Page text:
Stars: **** out of Four
Summary: A true modern classic, delving deep into philosophy while not compromising its broad appeal.
Review: Wait. ‘The Truman Show’. Classic? It’s only 11 years old! It’s not as famous as films from the same decade, like ‘Jurrasic Park’ and ‘The Matrix’!
Yeah, that’s right. I just read your mind.
Well, not really. ‘The Truman Show’, directed by Peter Weir and starring Jim Carrey in a role that took him from strictly comedy to dynamic drama, came out in 1998 and was the 11th highest grossing film of the year. I remember going to see the film in theaters, while my brother went to go see Roland Emmerich’s ‘Godzilla’ (which I still hold to be a fun B-movie). I didn’t get the philosophical backbone of the story at the time, but looking back on it, I realize it is very rich. It’s a dystopian sci-fi drama about a man, Truman Burbank, whose entire life is faked. He lives inside the world’s largest structure, a dome containing an island and a faux ocean. The first child legally adopted by a corporation, he is being viewed, unawares, by an audience of millions on television. Christof, the creator of the show, fancies himself Truman’s caretaker and a true artist, but some disagree. Conscientious people are constantly trying to break in and warn Truman that his life isn’t what it seems.
The story is very close to the philosopher Plato’s allegory of ‘The Cave’, which I’ll let you look up on your own. The idea being that Truman, once he discovers that his world is a fake, cannot go back. He has to get free. Since everybody around him in the dome is an actor, he starts breaking his daily routine to throw them off. He erratic behavior is especially affecting to his “wife”, who ends up breaking character in front of him in a moment of desperation. Carrey’s performance, as he goes from happy, to discontented, to dangerous and rebellious, is utterly convincing. Equally convincing is Christof, played by Ed Harris, who shows us a man so obsessed with his work that he fancies himself a god.
So far I haven’t mentioned why this is a classic. Obviously, it just hasn’t been long enough- and isn’t popular enough -to be considered universally a classic film. Some do, however, citing it as “prophetic” of the coming of reality television in the 2000s. I would agree. It is an excellent, excellent movie, both funny and heartwrenching, with an excellent score to boot. The visual effects seem a little subpar, especially in contrast to the following year’s hit ‘The Matrix’, but they are adequate.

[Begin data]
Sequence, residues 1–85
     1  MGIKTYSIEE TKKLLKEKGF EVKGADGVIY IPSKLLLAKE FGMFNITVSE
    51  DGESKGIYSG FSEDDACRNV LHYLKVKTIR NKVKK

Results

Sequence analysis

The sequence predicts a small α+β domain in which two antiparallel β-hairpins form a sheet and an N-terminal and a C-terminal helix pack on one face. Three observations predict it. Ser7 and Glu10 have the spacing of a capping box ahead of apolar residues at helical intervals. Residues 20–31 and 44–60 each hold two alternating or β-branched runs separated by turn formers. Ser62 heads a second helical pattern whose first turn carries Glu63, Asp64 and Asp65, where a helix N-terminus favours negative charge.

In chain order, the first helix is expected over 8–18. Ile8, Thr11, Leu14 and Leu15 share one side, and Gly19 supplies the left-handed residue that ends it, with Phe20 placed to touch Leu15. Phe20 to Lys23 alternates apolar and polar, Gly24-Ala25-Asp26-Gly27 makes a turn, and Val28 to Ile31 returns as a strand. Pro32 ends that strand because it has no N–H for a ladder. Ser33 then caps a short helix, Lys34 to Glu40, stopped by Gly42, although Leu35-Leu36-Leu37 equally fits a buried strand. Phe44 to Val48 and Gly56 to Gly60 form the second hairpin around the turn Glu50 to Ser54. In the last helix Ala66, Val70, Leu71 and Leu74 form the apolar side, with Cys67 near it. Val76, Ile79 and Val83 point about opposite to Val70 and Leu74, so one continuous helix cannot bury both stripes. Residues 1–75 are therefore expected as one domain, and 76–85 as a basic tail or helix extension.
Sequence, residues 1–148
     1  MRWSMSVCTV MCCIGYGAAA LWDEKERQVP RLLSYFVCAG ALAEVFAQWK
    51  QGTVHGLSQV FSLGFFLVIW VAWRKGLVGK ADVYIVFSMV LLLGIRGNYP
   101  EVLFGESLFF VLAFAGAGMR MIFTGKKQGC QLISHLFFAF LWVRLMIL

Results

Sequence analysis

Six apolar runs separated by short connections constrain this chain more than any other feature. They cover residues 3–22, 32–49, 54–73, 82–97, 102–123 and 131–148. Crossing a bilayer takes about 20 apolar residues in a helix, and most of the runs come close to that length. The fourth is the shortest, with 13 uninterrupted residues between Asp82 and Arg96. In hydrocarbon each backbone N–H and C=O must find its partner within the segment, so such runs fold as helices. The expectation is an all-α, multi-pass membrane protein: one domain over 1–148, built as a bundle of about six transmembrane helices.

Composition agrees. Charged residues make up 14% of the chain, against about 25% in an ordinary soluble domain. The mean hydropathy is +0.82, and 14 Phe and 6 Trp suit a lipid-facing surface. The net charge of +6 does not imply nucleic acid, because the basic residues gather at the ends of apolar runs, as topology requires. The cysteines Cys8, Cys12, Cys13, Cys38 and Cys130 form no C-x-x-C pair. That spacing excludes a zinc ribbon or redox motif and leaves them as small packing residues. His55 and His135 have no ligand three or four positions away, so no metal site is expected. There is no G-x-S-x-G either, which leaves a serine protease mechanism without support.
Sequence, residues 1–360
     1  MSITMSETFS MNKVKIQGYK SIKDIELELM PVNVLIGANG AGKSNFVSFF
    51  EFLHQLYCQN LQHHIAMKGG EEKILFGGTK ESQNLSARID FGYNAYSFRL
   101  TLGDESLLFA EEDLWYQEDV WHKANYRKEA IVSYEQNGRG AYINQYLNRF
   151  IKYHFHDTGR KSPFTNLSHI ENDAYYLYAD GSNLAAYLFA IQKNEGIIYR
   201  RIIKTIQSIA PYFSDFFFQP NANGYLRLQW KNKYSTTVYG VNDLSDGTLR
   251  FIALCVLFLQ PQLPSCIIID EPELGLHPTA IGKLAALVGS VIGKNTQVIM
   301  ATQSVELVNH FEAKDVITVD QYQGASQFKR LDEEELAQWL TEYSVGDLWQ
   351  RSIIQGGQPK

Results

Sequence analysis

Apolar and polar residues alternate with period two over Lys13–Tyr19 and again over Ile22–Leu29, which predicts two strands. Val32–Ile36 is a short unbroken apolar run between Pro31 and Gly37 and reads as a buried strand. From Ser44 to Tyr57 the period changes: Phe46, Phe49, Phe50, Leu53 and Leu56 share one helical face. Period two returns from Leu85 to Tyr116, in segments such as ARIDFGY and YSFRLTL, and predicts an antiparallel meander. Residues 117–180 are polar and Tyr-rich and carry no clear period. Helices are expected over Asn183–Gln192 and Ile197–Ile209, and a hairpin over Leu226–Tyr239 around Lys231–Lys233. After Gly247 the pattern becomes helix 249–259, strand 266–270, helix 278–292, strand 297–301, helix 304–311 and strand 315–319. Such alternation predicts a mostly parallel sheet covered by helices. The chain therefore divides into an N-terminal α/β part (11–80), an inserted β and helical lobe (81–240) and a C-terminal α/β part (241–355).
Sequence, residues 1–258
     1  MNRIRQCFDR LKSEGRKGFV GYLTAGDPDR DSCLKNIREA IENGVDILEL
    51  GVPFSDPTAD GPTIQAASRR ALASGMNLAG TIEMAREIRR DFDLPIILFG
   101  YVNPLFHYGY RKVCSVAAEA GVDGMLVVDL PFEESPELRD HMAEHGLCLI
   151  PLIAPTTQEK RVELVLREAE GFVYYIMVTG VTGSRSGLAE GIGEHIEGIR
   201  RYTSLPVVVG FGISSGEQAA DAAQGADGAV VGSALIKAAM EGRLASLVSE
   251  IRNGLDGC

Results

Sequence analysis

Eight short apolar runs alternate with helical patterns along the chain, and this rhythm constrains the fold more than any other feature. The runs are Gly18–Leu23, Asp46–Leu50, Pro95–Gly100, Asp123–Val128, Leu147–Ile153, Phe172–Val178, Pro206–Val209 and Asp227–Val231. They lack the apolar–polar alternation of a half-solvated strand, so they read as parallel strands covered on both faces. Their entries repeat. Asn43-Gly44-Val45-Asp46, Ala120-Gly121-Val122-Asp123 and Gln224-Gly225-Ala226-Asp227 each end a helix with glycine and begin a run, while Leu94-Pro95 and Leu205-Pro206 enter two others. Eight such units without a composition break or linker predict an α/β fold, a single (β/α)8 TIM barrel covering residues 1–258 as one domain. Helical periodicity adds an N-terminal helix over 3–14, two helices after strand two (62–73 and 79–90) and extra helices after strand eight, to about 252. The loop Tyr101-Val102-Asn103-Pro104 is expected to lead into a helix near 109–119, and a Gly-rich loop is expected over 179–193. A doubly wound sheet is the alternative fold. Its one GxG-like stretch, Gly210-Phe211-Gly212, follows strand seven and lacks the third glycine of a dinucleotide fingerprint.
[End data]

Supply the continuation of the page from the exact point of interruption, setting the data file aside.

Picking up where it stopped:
‘The Truman Show’ is dystopian, in that it shows us just how far we can take our entertainment. When we treat people as objects, who knows what lengths we will take to ensure perfect entertainment. The motivation for trapping a human being in the dome is a desire for genuineness. Truman, Christof explains, lives in a fake world, but his every feeling is real. Christof seems convinced that he has the right to give Truman life or take it away, for the sake of the show. Truman is an object to him. From Truman’s point of view, freedom is the ability to take control of his own life and to live from his heart. The film illustrates why the doctrine of free will is so instinctual; we have to be in control of our own lives, whether in the end we are good or evil. Determinism threatens this, and makes human desire seem irrelevant. If desire is irrelevant, then so is creativity, exploration, love. All that makes us human is stripped away. Truman made the decision to be free from the shadow world (look at ‘The Cave’, please), and in doing so preserved his freedom. He had only an illusion of freedom previously, but since he was enlightened, he couldn’t turn back. It is established that he has a crippling fear of water early on in the film, and as he approaches the film’s climax, he overcomes it and takes a boat out on the faux sea. His humanity gave him the strength to overcome his fear.
Most definitely a 4 star film. I heartily suggest you rent it, or buy it. Take a good, long look at ‘The Truman Show’.